Dataquest had a chance to catch up with Nick Lazaridis, â€ŽSenior Vice President, Printing & Personal Systems - Asia Pacific & Japan at Hewlett-Packard, recently at HP's annual Global Partner Conference in Las Vegas. Nick shared a number of details about HP's PPS business and how it stands in the entire APAC region including India. Nick also shed light on the company's new partner strategy and why HP's emphasizing on the inkjet printers.
What is HP's PPP strategy for Asia, particularly India?
In APAC, HP has witnessed a robust growth and has had a couple of very good quarters. In India we have seen a robust growth, specifically in the government space. We bagged a good amount of business from the Uttar Pradesh government for about 1.5 million notebooks. While the deal was centred around affordable laptops, this helped us maintain the number one position in the PC market in India. Destops, notebooks and printers are contributing to the company's success in the region, especially post the 'One HP' positioning.
The "One HP" message, which is loud and clear within the group, is helping company improve its image in the market and gain customer confidence. This has formed a thread within all groups of the entire organization simplifying the way we approached customers.
How did you change your partner program? Is it true that partners get paid now from the very first sale they do?
Historically channel partner programs have been very complex. But we embarked upon a simple and easy program that helps partners sell. As part of the strategy, we launched a number of partner programs in APAC and India to send the One HP message across and trained the partner fraternity to serve customers well.
Yes, the entire HP group has adopted a new partner strategy, removing all sales cap. They don't have to sell x-number of units to be eligible to earn benefits. Historically all vendors including HP used to put a cap of sales. Now partners get paid from the very first sale they do.
What has been the reponse of this partner strategy? How do partners preceive the new strategy?
Indeed, the partners have embraced the change happily, since they are focused on selling products and not just meeting targets to be able to receive the benefits of a scheme. The effect of this is that other vendors have also embarked on the same journey, which shows how HP has innovated on the partner front.
How do you communicate the One HP message to your partners and so to your customers? How does it help the PPS group?
It is quite challenging to develop experts in each product area. HP has strong desktop, laptop, printer and server line. To make it easy for our partners to supply the right kind of products for all customer needs, we have appointed a Partner Business Manager who helps partners in addressing their needs. Through PBM, we try to provide subject matter experts who can guide customers on a variety of products and services that we deliver. The idea is not to sell a box. We try to take this further from transactional discussion to solution-based discussion.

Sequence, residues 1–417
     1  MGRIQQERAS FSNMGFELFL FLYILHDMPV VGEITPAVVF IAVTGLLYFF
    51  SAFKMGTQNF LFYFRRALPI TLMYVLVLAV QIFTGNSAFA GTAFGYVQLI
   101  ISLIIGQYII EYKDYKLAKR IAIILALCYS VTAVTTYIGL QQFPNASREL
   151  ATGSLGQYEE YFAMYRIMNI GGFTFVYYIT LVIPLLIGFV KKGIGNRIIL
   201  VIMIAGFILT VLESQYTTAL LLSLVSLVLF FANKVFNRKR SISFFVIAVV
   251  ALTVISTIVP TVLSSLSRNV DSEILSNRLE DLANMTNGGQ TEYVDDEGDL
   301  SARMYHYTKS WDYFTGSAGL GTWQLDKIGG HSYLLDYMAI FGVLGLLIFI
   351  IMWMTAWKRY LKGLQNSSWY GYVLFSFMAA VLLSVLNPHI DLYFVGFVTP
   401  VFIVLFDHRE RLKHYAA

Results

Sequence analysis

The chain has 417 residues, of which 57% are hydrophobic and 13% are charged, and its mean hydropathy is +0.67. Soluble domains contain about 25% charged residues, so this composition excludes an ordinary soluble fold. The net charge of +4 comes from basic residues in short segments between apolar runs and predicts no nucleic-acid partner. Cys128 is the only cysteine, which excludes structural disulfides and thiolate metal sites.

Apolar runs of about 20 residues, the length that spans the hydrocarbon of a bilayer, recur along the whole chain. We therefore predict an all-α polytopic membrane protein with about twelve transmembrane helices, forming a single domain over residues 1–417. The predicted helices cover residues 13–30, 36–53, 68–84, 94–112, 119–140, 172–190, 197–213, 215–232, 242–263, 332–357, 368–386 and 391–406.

What are the verticals HP is betting big in India?
Commercial enterprise segment is a huge focus area. Government is another area which we are focusing. But the approach is different in the government segment, maybe because of the regulatory framework. Government education segment is another area where we see a lot of potential and chances of demand.
Will HP continue to jump into government deals such as the Uttar Pradesh laptop deal?
It continues to excite HP since the company is committed to giving back to society through affordable devices to students, though it is not absolute charity. We see there is a lot of opportunity in the deals like this but not every deal makes sense. We sensed a good partnership in the UP deal that is the reason we plan to extend this relationship further.
What's your approach towards SMBs in India?
We're empowering our channel to serve the SMB segment. We have started a channel program SMB Connect to increase our footprint in the SMB space. This segment is largely ignored and reserves a huge opportunity. Since the technology penetration is quite low in the SMB space, we are committed to tap this huge segment. But we are laser-focused on SMB channel to tap this segment in India.
Of late, HP is emphasizing a lot on inkjet printers rather than lasers? Why?
HP is number one printers in India and globally, for last twenty five years. And in these years, laser technology has led the market since it was the best technology available. But we have tried not to sell printers the traditional way and are trying to make customers experience better through solutions wheich are affordable and best for them. In order to do this, we are leveraging the inkjet technology to deliver better solutions to customers, since our inkjet printers are at par with laser printers, if not better, in terms of performace and quality. Our officejet range is helping customers take the advantage of inkjet technology that delivers prints at much afforable prices than lasers can. Our inkjet printers can offer speeds of upto 72 pages per minute at half the cost and that too, with same quality. So the laser technology which we led the market for about twenty five years is getting tough competition from inkjet. Since it is an afforadable option, we are helping customers to own solutions that can reduce cost for the laser quality.
In order to make inkjet a successful option in the Indian market, we launched a service to deliver HP ink at the customer door.
Has laser hit the roadblock?
It has not. But it is not possible to offer double the speed in laser at half the cost. But it is possible with inkjet and that too, with print quality at par with laser. The growth in technology seems to stagnate a little but we continue to focus on laser. Inkjet is like electric cars which are the future. It will take sometime for customers to adopt. But this is the future.